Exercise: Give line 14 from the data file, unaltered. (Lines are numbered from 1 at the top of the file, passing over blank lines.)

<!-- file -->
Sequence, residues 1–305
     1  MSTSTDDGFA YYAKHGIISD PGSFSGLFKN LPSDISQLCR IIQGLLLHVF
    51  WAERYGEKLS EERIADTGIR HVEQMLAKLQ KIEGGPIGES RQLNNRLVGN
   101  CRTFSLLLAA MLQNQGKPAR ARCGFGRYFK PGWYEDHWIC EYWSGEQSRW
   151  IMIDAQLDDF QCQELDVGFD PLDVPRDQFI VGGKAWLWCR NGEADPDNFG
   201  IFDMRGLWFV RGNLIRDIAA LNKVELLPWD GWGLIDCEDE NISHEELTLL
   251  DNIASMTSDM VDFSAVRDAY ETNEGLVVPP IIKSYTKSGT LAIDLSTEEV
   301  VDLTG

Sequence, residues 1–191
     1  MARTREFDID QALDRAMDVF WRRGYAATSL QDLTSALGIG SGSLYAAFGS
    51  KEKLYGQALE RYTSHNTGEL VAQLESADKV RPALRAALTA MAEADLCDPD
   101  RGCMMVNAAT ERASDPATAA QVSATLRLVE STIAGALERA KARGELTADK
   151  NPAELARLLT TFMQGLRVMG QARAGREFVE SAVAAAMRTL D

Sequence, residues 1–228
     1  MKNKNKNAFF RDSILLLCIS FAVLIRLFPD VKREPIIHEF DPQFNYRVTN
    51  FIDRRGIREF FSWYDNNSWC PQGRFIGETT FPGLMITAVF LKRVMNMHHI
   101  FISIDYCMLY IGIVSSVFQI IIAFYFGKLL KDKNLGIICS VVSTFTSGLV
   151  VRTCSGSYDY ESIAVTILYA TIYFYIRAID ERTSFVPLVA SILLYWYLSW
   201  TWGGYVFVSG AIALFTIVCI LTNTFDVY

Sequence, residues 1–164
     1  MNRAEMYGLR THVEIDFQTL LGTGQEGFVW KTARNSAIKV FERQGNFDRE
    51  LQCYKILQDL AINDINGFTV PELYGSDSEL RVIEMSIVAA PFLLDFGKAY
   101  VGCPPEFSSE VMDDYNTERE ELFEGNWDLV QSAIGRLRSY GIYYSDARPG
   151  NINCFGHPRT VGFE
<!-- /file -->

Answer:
Sequence, residues 1–228